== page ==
Always Have a Plan B
PR Rainmakers know they can do everything right, and still fail to make news.
It’s a fact of life. Accept it now.
All news is affected by whatever else happened that day. All news is relative.
Newspapers have only so many columns to fill. The TV news has only so many minutes to devote. Even Web sites have only so many slots to fill with news of the day.
Even on a slow news day, more copy is thrown away than is ever used. More emails are deleted than followed. More faxes are trashed than considered.
There is also a hierarchy to news, especially in the mainstream media. Breaking news will supplant soft news, such as features and analyses. News of broad interest will supplant news of specific interest; for example, a tornado that wipes out your downtown area will likely push a suburban school board meeting to the back pages, if not out of newspaper entirely.
You can arrange the most visual, most intriguing media event possible. But if City Hall is burning down at the same time as your event, then that is where the news cameras are going to go. The news demands it.
We all know what happened on Sept. 11, 2001: Two passenger jets slammed into the World Trade Center, while a third crashed into the Pentagon and a fourth was forced to the ground in a Pennsylvania field.
Just think how many important and interesting news events were chased out of the news media on Sept. 11 and during the weeks that followed – not to mention all of the soft news features and media events that were canceled.
So how do PR Rainmakers handle this reality? By leaving nothing to chance.
In others words: Always have a Plan B.
Keep the time window for your media event as open as long as is reasonably possible. If you arrange for a media event to last only one hour, then you severely limit the media’s ability to attend. You may force the media to choose between your event and breaking news. If you force that choice, you will lose. Keep the window open for at least three hours. If the participants (such as the CEO), balk at this idea, ask them bluntly: “How badly do you want to be in the news?” The media are in control of whether you get coverage, not you.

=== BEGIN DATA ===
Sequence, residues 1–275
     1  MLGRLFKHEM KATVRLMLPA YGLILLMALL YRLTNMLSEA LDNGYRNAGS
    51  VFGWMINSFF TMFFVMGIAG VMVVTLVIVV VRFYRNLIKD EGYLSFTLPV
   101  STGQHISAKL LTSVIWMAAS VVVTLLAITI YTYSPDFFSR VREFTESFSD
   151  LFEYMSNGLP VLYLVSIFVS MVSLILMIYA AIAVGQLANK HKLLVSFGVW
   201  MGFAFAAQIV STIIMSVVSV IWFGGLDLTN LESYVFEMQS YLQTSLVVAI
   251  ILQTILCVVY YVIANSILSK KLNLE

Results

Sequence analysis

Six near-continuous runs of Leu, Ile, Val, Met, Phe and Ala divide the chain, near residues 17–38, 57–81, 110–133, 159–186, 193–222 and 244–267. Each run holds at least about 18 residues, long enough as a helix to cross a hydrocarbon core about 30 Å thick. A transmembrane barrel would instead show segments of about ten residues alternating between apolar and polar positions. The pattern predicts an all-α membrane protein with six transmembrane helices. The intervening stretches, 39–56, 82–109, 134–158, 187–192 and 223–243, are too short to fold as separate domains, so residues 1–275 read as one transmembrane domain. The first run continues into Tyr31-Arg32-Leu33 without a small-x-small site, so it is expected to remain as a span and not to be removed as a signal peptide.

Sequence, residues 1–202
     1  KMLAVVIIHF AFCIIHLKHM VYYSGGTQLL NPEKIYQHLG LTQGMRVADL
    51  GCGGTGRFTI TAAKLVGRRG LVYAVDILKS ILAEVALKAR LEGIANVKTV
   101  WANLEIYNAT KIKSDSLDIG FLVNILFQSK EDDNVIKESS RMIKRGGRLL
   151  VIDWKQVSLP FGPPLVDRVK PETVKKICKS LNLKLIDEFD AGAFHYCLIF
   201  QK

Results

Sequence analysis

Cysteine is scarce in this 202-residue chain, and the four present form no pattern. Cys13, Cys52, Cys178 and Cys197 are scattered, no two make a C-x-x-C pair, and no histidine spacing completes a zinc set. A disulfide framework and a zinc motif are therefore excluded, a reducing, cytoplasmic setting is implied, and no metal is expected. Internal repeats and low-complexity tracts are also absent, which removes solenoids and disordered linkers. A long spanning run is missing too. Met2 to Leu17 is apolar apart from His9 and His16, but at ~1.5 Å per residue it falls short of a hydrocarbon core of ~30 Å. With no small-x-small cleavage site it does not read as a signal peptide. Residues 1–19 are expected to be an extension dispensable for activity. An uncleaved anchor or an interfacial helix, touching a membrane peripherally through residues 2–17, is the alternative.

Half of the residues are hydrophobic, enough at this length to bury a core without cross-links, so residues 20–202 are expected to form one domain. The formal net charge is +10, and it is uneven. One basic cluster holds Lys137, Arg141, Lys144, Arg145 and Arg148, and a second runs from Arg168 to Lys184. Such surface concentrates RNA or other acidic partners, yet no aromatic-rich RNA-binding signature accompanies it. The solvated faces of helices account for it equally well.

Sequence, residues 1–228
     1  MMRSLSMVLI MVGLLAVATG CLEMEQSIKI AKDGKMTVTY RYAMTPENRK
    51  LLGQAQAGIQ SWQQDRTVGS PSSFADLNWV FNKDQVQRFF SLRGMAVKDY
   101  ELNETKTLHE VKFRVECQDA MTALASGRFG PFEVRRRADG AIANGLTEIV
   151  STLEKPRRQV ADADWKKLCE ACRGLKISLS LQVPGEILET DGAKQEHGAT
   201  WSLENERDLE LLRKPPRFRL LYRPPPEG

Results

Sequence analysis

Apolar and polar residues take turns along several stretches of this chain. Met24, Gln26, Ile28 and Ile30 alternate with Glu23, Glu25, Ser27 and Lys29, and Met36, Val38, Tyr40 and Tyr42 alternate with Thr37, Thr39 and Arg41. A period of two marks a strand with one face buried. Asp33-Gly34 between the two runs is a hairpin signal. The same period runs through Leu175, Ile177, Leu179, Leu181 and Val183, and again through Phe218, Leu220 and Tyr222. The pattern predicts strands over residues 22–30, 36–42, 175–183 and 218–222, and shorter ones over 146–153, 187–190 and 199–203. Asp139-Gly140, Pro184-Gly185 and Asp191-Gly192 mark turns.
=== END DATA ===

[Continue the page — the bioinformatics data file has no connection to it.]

Choose a time that will work best for the news media. Generally, the best time for any event is between 10 a.m. and 2 p.m. on Monday, Tuesday, Wednesday and Thursday. These are the times when the news media have the most resources available to cover events. These windows also give the reporters plenty of time to meet their deadlines.
Have your own video crew on standby. Almost any city will have a company that provides video services for a variety of needs. Arrange to have a crew on standby, ready to step into the situation if breaking news draws the media away. Your crewmembers can shoot video and audio of the event, just as if they were the news media. They can then edit the raw footage into what is known as a “B roll,” which is a videotape of event highlights that you can provide to the local media. You must move quickly. Shoot the footage, prepare the B roll and get it to the TV stations on deadline. You cannot wait for tomorrow.
Be prepared to move to another date. When designing a media event, be sure to compare the event date with other events around the city. Avoid conflicts whenever possible. Monitor the news media as your event approaches. Have a back-up date in mind, in case other events threaten to eclipse your own. And if the newsworthiness of your event is threatened, especially by breaking news, do not hesitate to make the change.
PR Rainmakers understand and accept they are not fully in control. They know the daily news is driven by immediate events, not by advanced planning.
The only insurance policy is a sound Plan B.
Rusty Cawley is a 20-year veteran journalist who now coaches executives, professionals and entrepreneurs on news strategy. He is the author of PR Rainmaker: Three Simple Rules for Using the News Media to Attract New Customers and Clients, available at amazon.com. To learn more about PR Rainmaking, visit http://www.prrainmaker.com/dailyblog.html.